View Full Version : Rudder Pedals vs. Twist Stick; Review...

07-18-2007, 05:26 AM
Back in early June I was at Biggin Hill Airshow and spotting a tent full of flightsim gear I let my enthusiasm get the better of me and shelled out £90 for a set of Saitek Ruder pedals (i know, I know, probably could have got then cheaper online but it was a 'they're right in front of me moment').

Having spent the best part of 7 years flying twist stick I knew the conversion process was going to be a bit rough, and so it was! My gunnery went tp pot, my takeoffs were bloody dangerous and it felt like I was learning to fly all over again! Funny, considering most people spend $$$$ on gaming peripherals to make themselves better at a game, I just blew £90 to make myself worse! http://forums.ubi.com/images/smilies/35.gif

Anyhoo, six weeks later and here I am... gunnery is better, tho still not quite what it was, takeoffs are, if not a breeze, then at least consistently safe and I feel as if I vaguely have got the swing of things (pardon the pun).

I have noticed several factors which have changed decidedly the style of and approach to flying that are inherent to the characteristics of each type of rudder control, and am humbly offering my opinions to those who are considering the change:

‚óŹ Movement arms: there's no doubt, you just cant apply full deflection rudder with pedals as quickly as twist grip - I remember the short sharp jabs left and right I could give the twist stick to rescue a wonky takeoff, or push the gunsight over hard for a snap shot: alas these are no more; smooth application is the rule and with plenty of thought beforehand.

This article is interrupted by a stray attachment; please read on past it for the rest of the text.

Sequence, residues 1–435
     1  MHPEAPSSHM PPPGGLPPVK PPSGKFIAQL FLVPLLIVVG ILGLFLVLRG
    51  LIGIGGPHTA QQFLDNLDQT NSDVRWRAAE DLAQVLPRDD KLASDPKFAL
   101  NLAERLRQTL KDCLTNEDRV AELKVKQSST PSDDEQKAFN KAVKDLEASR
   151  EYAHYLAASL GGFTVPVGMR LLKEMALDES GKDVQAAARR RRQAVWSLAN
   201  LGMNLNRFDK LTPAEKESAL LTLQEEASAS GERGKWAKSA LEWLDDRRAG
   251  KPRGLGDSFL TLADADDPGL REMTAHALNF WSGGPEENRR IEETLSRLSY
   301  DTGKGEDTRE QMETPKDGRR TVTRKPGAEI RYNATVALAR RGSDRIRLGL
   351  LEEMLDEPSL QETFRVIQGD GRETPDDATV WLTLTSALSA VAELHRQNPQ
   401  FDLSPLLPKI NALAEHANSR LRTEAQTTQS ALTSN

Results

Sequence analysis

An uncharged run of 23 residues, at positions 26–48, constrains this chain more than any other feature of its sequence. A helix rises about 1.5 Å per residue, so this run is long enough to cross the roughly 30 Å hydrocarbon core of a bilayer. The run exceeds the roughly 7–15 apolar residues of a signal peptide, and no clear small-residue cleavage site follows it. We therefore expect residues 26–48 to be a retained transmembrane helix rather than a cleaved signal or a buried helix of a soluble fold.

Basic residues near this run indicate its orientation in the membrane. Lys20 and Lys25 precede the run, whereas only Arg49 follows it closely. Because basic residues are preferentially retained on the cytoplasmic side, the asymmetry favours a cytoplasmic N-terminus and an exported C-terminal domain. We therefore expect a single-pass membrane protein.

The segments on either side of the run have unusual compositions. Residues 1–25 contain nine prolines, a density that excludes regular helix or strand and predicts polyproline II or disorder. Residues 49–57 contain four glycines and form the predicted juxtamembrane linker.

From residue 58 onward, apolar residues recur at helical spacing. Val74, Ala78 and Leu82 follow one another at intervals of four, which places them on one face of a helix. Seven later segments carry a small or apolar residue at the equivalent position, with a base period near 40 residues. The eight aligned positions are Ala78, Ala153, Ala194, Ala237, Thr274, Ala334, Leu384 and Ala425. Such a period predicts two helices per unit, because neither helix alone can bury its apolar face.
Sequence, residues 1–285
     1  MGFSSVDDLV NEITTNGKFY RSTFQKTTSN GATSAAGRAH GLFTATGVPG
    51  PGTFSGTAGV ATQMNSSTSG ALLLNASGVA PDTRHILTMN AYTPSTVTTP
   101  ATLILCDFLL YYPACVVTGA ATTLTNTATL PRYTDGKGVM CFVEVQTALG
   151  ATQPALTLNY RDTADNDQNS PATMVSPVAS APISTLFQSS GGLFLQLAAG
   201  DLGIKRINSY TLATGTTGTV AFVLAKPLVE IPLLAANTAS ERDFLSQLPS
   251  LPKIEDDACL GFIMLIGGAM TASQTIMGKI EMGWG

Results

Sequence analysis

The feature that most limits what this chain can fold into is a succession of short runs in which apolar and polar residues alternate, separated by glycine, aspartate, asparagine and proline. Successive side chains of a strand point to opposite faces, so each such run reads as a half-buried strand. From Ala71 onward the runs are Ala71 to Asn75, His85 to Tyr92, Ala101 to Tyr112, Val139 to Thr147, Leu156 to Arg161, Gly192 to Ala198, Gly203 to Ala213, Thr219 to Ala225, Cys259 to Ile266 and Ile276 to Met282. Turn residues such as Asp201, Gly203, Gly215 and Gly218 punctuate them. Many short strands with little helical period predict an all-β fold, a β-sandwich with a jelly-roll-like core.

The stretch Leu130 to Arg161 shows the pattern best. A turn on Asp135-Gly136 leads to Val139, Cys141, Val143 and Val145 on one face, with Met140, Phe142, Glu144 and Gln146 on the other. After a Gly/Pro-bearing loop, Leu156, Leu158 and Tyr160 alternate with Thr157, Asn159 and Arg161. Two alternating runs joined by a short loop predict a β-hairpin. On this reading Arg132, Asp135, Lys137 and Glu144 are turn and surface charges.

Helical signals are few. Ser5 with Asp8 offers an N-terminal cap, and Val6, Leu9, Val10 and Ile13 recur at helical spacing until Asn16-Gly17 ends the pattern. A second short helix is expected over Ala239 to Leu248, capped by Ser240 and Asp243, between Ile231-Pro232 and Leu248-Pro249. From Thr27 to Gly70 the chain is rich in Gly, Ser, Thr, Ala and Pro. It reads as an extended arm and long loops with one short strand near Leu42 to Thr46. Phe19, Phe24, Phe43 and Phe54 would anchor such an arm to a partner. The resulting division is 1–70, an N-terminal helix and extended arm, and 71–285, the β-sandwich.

‚óŹ Control separation: no doubt that twist stick rudder inputs often 'spill' over into pitch or roll axes. Thanks purely to the physical act of twisting the stick, you often affect your pitch and roll inputs. Not so with rudder pedals.

‚óŹ Authenticity: having flown lots of light aerobatic a/c and solo'd a powered glider with the RAF cadets in my teenage years, it really took me back to juggling the rudder on takeoff whilst using the rudder pedals and feels that much more authentic as a result. As an aid to realism they cant be beat IMHO.

‚óŹ Centring position: With the constantly changing trim situations of prop fighter combat, I'm finding that I'm sitting with 'one-foot' heavy on the rudder and getting a 'phantom' centre from it; that is, I think the rudder is neutrally centred when in fact I actually am applying gentle pressure without realising. In fact even with the tension dialled in fully, return to centre is never quite the definitive thing it is with twist stick, thanks to your leg weight being applied generally at all times. Linked to this is a lack of force feedback, but then neither twist stick or pedals can do that... maybe in the future?